Guide to Video Production 4 – Filming

The secret to a successful video is to acquire a variety of shots that allow editing choice.  It’s no good just filming everything from one camera position using the camera mic.  You must carefully plan and organise the whole process.

Our advice is to get a professional crew to help out for at least this step of the process.  They will take care of all the camera, sound and lighting for you and this really does make a difference between your film looking great or poor, or at best mediocre.

Cameras can be complex items to operate effectively and the instinctive skills an experienced camera operator brings don’t just appear overnight. Similarly the sound is often overlooked.  Poor sound really lowers the standard of your video.  And if you have invested all your time, you want to be sure the best viewer experience is recorded.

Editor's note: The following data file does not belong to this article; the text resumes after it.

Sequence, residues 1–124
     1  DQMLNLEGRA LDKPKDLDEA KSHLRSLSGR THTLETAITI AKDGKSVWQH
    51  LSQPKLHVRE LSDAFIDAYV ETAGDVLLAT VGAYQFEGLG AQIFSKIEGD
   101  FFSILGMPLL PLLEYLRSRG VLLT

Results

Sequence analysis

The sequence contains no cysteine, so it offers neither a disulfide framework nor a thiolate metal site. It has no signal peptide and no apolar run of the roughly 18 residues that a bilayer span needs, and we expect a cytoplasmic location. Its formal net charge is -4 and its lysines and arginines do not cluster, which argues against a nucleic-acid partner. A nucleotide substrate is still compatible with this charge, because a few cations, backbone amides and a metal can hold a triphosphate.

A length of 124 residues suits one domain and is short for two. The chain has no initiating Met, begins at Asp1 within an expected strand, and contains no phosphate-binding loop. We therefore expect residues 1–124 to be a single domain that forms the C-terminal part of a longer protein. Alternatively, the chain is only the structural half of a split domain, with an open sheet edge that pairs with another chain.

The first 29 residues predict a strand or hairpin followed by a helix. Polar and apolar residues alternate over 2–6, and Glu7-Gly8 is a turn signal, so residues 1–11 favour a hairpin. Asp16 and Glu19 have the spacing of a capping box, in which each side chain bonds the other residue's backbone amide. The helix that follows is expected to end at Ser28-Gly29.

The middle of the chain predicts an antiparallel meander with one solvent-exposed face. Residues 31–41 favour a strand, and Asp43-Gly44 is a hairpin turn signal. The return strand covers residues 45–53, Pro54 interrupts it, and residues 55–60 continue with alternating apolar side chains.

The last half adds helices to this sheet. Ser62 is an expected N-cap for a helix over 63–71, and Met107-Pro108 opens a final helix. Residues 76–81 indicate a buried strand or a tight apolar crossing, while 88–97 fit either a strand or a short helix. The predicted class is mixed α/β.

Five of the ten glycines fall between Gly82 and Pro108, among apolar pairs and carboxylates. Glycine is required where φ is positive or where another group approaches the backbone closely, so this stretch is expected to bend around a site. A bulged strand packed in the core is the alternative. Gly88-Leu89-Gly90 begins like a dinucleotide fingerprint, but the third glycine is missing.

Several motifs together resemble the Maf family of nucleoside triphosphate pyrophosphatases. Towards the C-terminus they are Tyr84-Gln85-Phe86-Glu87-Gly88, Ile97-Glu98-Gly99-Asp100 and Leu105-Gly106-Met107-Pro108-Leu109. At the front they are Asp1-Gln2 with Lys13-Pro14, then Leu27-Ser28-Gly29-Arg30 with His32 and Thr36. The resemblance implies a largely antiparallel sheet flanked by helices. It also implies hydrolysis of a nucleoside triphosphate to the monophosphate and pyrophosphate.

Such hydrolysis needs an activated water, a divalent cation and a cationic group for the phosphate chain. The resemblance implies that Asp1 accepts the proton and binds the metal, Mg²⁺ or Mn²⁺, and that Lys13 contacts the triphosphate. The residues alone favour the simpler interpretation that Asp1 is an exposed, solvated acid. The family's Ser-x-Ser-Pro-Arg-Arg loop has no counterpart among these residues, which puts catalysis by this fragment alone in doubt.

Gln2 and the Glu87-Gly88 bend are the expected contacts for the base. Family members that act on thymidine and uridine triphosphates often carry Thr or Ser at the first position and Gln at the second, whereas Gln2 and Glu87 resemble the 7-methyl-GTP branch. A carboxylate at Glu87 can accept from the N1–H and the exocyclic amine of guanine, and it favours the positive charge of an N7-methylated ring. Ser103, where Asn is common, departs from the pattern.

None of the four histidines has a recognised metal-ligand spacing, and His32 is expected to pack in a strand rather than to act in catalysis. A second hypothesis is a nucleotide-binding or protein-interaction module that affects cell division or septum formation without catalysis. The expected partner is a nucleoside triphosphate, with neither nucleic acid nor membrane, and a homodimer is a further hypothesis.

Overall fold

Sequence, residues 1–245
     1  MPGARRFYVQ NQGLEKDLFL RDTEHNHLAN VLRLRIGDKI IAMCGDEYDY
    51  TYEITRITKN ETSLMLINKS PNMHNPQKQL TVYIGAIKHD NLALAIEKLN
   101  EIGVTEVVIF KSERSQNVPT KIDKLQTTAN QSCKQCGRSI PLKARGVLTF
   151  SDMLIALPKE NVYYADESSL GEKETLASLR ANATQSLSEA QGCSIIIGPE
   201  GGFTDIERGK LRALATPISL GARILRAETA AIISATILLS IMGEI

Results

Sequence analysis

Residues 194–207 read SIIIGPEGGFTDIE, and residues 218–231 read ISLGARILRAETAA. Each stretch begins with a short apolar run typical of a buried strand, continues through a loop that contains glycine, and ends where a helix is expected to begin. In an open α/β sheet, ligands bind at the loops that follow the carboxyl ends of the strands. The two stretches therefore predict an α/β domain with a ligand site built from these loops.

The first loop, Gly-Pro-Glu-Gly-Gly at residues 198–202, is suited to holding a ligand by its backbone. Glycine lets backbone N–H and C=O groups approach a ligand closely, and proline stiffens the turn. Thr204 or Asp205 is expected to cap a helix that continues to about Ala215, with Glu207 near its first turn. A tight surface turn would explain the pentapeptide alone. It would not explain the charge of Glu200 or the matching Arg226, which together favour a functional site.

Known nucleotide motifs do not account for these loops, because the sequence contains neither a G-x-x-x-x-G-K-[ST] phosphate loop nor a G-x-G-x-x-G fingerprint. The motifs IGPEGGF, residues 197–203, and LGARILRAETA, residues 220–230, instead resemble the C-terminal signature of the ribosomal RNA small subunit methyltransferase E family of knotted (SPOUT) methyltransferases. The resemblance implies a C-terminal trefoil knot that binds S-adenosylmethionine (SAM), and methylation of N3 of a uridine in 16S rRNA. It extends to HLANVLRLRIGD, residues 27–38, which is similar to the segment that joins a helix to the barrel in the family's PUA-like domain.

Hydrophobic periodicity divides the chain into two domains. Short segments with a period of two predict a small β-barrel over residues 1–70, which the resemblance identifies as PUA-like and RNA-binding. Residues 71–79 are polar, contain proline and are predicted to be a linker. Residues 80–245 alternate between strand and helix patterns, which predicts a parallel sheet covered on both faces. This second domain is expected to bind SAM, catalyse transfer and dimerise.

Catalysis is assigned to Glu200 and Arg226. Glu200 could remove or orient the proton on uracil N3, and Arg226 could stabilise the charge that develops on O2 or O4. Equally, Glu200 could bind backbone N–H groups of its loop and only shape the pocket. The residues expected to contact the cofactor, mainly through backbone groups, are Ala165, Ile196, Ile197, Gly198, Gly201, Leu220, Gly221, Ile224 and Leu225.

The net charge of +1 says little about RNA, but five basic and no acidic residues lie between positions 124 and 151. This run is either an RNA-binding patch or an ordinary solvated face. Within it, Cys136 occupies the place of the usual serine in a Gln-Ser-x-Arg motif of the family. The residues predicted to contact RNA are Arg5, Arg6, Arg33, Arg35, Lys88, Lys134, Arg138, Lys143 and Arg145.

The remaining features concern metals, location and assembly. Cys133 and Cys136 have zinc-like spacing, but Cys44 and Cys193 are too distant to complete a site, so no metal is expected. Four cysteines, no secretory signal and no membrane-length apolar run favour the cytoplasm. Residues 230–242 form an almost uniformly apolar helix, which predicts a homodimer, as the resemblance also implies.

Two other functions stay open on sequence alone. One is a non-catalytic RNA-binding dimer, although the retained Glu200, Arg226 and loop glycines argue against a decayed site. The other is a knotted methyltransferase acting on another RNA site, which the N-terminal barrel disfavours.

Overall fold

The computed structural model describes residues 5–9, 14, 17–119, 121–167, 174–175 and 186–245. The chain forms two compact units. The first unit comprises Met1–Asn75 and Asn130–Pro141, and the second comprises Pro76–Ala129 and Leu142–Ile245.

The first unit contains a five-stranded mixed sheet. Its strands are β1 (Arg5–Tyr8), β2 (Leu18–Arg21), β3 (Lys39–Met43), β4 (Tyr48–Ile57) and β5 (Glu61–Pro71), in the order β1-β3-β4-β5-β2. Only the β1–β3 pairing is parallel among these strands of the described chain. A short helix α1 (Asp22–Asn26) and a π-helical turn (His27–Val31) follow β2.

However if you are shooting yourself follow these rules:

  1. For each set up record a wide angle view and then separate close angle views.  Try to re-run what you shoot and move the camera physically between takes to capture different views and shot sizes.  You must think carefully about where you put the camera and ensure that the action doesn’t get masked by something in the foreground.  Capturing different shots will allow you cut a sequence together and the change of camera angles keeps the viewers engaged.  Cameras are becoming cheaper these days so it’s also worth considering shooting most things on two or more cameras.  Perhaps one could be a professional device with the other cameras a high quality prosumer device.  Whatever you choose, think about how you are going to sync up the content.  It is best for all cameras to record sound to allow you to see and hear the same words spoken and then sync up, taking the quality sound from the main camera.  In our experience recording this way, it is best to record for longer durations which takes less time to sync up.  Having multiple short clips on multiple cameras can create headaches so longer takes are easier to deal with.  The downside is the amount of storage space for the project as you can end up with a BIG project.